• The above mentioned description represented a very important point of inflection in my practice, as if suddenly a flash of light clearly illuminated my path. It also left me a very important teaching: when something fundamental must be corrected in our practice, it must be absolutely corrected, no matter the effort we must put into it; if we look over it, we will never overcome the difficulty and, even if the minimum reminiscence remains alive, it will represent a very heavy stone in our progress within the art.

Personal anecdotes.

  • Okinawa (April 1980). A world presentation of Matsubayashi-Ryu, presided by the head of the School (O´Sensei Shoshin Nagamine) was held at the Naha Theater (the most important of the island). Delegations from Mexico, Australia, several states of the U.S.A., etc. participated in the event. The South American delegation was represented by Shigehide Akamine Sensei accompanied by a student from Uruguay and five from the Argentine Republic. The presentation was a success and it also was the starting point of a 15 day seminar on Matsubayashi-Ryu.
    The next day, the news of the event (including comments and a photograph) appeared in a local newspaper. The big surprise was to see myself clearly in the lower left corner. It was an enormous coincidence that remained as a nice anecdote worth remembering.

    Southamerican delegation led by Shigehide Akamine Sensei

    Southamerican delegation led by Shigehide Akamine Sensei

  • Sydney Airport (1986). During our emigration flight to Australia, before landing in Sydney, they gave us a form to be filled. In one of the questions they asked: Are you carrying any weapons?  I didn’t know what to put, in my luggage I was carrying a pair of “Sai”, of “Bo” and of “Nunchaku”. After thinking about it a good while, I considered that I didn’t want to have any trouble right from the beginning in our new country. So, I decided to leave the space in blank and ask the customs officer to help me out. When they saw the “Nunchaku”, no doubt, they were forbidden in Australia. So, they confiscated them and sent them to be deposited in a Customs Department they had in the Airport. It was not allowed to enter Australia with “Nunchaku”. They then had a look at the “Bo”. They tried to bend it, to twist and untwist it, to take it apart. They finally said: “O.K., you can take this”. Finally, when they saw the “Sai” they asked: “What is this?” “What do you use it for?” I answered: “It is very difficult to explain in words, if you like, I can show you how it is used”. OK they replied. I needed an approximate 5mx5m space which was duly prepared. So, I performed “Sai Kata Ichi” right from the beginning to the end. All surrounding activity (custom authorities, passengers, etc.) paralysed, absorbed by the “Kata”. When I finished the performance, the officer said: “OK, you can enter with them”.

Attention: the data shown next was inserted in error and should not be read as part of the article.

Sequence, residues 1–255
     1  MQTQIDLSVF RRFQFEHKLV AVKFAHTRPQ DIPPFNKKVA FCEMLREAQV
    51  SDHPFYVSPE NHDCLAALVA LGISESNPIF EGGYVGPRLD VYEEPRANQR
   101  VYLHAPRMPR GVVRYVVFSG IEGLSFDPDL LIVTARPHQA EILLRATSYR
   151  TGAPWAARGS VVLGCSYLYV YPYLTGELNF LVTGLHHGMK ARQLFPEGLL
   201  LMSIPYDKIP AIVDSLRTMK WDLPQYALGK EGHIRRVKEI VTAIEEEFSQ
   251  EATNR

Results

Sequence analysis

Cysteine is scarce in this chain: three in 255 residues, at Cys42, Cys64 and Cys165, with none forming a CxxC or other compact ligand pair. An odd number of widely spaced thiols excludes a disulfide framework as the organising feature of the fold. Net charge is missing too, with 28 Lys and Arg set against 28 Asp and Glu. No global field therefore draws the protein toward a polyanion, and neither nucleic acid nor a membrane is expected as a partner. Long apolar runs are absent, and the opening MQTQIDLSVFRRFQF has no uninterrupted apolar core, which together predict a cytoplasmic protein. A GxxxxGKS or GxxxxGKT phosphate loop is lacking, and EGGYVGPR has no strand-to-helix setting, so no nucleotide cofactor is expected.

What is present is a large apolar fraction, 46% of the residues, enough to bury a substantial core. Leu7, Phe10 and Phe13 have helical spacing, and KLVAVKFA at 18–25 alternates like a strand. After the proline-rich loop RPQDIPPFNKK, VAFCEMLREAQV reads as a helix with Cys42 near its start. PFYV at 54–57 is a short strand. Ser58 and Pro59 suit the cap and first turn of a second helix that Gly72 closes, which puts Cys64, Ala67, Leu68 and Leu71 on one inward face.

• Improvised “Makiwara”. We started our lives as immigrants in Sydney (1986). Among several basic priorities I had to find a sort of private place to practice Karate-do. No problem, I found an open space very close to our flat. After practicing three or four times, I noticed that forming part of a limiting hedge, there was a wire fence with wooden posts. I tied a piece of leather to one of the posts, which served me as an improvised “makiwara”. One night (08.00 to 08.30 pm) while I was practicing with this “makiwara”, a lady approached me from behind and asked: “Are you all right?” Yes, I answered, I am all right. “Are you sure?” She insisted. Yes, I’m OK, don’t worry.

Anecdotes with Camani Sensei´s students

  • One day a student (sho-dan) coming from another school and interested in Matsubayashi-Ryu participated in our usual practice. During approximately one hour in a half we practiced basic techniques (kihon), in detail, no “kata”. Due to a private commitment, our visitor had to leave. When greeting us, he told one of my most advanced disciples: “o.k., I leave you with Sensei so that you can practice more advanced techniques”. My disciple answered: “It is not a question of practicing more advanced techniques, but of enjoying the techniques we practice”.
    After this reply I thought to myself: Evidently my disciple took good advantage of all these years of practice.
  • One day one of my disciples changed his address moving from one town to another. In his new emplacement he had the problem that he didn’t have enough space to practice karate adequately. He didn’t know what to do. I told him not to worry, that if he didn’t have enough space to practice “kata” the only thing he had to do was to find a small minimum space (for example 2 meters x 2 meters) to be able to practice basic techniques. Here, the most important issue was to keep sensations and continue advancing in the “way”. Inclusive, if he would forget the sequence of movements of the “kata” it would not be an important issue. He would surely remember them in a very short period of time when circumstances would become normal again. The opposite, i.e. if he abandoned practice all together he would loose important sensations and therefore he would not have continued advancing in the way. Should this have happened, it would have taken a very long time to recover sensations and therefore continue following the “way”; even if he remembered in a short period of time the sequence of movements of the “kata”.
    It all took place as described. The student was always grateful for this.